Leave a comment:


  • Christopherstjo
    replied
    For me, this is a no brainer - reputation means more than image. I define such as image being the superficial cosmetics of the company whereas reputation is substance of what the company stands for and from which all other things grow.

    Leave a comment:


  • N. A. Corbier
    replied
    wilrobinson wins.

    The average client wants risk index reduction from their general liability insurance carrier, and nothing more. The average client will hire off duty police officers, who bring no additional liability (in their minds) to the corporation, if they want anything more than risk index reduction.

    They want the ability to put on their general insurance policy, "We have security guards." Depending on a few questions, their guard will decrease the risk index. These include "How old is the company." And even better, I have seen some policies that ask guard service, and have check boxes for the major corporations. If you check one, you get a risk reduction, because the insurer is familiar with their operations and probably underwrites them... So they know that the guards won't add liability by doing anything stupid like protecting people.

    If you're NOT interested in this, then you probably want what I have said before: People buy services from other people, not companies. They want to know that their account manager "feels them," and that there's someone at the company who's personally accountable to that client, who will help them and know them.

    This is big in O&R Contract security, where they give the illusion of protection, and can be a powerful force in actual protective services. The idea, of course, is to get out there and be known.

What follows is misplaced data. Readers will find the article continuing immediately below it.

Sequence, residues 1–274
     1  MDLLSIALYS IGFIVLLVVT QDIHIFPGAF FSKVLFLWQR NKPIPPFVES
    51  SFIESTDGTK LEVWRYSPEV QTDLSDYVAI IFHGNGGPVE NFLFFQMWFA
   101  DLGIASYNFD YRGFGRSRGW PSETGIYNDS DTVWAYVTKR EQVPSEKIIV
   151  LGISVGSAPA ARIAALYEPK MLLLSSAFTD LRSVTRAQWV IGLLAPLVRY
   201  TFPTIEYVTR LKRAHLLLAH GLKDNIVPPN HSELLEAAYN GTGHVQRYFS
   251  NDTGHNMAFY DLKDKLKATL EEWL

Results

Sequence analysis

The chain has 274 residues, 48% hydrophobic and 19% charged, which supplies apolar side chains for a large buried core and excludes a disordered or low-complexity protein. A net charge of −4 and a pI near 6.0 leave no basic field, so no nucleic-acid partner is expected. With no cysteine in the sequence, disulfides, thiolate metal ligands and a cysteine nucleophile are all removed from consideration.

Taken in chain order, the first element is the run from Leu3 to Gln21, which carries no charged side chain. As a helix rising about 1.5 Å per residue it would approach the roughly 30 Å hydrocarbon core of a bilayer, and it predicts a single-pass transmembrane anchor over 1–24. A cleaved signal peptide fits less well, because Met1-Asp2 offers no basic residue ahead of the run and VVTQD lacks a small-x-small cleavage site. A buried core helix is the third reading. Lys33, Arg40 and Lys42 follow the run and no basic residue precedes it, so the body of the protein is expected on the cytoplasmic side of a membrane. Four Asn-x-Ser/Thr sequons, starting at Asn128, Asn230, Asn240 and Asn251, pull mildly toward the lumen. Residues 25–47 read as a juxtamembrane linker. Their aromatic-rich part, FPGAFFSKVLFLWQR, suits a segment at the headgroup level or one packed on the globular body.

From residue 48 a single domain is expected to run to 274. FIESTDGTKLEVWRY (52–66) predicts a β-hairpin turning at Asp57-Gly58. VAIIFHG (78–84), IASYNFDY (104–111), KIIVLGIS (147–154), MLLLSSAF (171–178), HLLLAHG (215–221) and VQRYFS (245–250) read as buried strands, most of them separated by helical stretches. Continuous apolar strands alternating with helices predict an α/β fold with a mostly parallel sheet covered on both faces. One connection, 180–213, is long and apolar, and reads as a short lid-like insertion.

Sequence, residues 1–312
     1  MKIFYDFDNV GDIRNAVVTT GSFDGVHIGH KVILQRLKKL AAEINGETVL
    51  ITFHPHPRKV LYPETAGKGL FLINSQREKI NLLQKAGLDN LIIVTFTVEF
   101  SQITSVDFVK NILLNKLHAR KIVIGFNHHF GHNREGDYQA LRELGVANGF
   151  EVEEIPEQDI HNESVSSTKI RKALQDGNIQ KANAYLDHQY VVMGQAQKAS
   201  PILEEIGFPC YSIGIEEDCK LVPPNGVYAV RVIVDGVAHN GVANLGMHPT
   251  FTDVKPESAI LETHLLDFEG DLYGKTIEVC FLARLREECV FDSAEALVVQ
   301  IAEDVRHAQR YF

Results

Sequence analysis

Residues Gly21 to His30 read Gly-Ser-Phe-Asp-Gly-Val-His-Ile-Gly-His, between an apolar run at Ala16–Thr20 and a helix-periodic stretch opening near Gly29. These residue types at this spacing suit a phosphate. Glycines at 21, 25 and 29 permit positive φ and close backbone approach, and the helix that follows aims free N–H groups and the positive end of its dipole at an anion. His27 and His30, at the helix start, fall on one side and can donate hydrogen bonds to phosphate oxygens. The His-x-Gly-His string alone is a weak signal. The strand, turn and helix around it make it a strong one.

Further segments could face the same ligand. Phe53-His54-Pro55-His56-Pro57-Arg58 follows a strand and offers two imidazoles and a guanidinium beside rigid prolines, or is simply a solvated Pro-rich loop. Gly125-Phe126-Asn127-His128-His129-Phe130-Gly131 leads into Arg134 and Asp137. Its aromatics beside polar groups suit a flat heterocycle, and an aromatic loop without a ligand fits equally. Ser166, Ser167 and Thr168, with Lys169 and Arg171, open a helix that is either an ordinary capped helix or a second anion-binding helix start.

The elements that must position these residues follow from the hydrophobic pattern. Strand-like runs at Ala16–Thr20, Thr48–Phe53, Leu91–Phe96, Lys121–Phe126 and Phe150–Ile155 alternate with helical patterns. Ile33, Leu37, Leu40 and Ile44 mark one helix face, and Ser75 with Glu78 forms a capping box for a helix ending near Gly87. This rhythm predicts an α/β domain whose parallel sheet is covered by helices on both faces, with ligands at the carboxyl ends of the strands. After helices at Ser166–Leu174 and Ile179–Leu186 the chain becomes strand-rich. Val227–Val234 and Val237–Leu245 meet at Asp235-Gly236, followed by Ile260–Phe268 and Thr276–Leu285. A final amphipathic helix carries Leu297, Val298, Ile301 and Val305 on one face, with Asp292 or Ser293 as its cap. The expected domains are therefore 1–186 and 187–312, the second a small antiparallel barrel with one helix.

Leave a comment:


  • acrand
    replied
    I think to have one, you must have the other. The reason I say this; if you have invested in top notch equipment, professional uniforms, generally, your staff will have a higher morale and will be much more professional, which will lead to your company gaining a good reputation because turn-over will be down, Officers will take pride in themselves. When your Officers have high morale, their productivity goes way up as will your reputation.

    If I was a client, however, I would have to say image as the image will be a better deterrant than an "odd shaped" officer, with old, worn out uniforms.

    Leave a comment:


  • sgtnewby
    replied
    I would deffinatly say both. If they look half way decent, and are known to be dependable, that's who I would go with. If they look sharper then anything I have ever seen before, but haven't seen them between showing up for their shift and leaving, they'd be gone real quick. Just my $0.02.

    Leave a comment:


  • Guest's Avatar
    Guest replied
    Originally posted by DarkMetalWolf View Post
    If you were going to hire a company for security, what would be more important, Image or Reputation?
    If I was the decision maker for the average corporate client these days, looking into hiring security, my decision would be based on exactly neither.

    Who can give me a guard to ease the insurance company's auditor for the lowest price?

    Last year, one of our local malls had a highly visible, really pro-active security force. They looked all "tacti-cool" in their BDU's, carrying everything but a firearm. They stopped things before they got out of hand, and it was a nice place to shop (that's saying a lot, as I hate the mall). The local "wannabe" troop avoided them and the mall like the plague.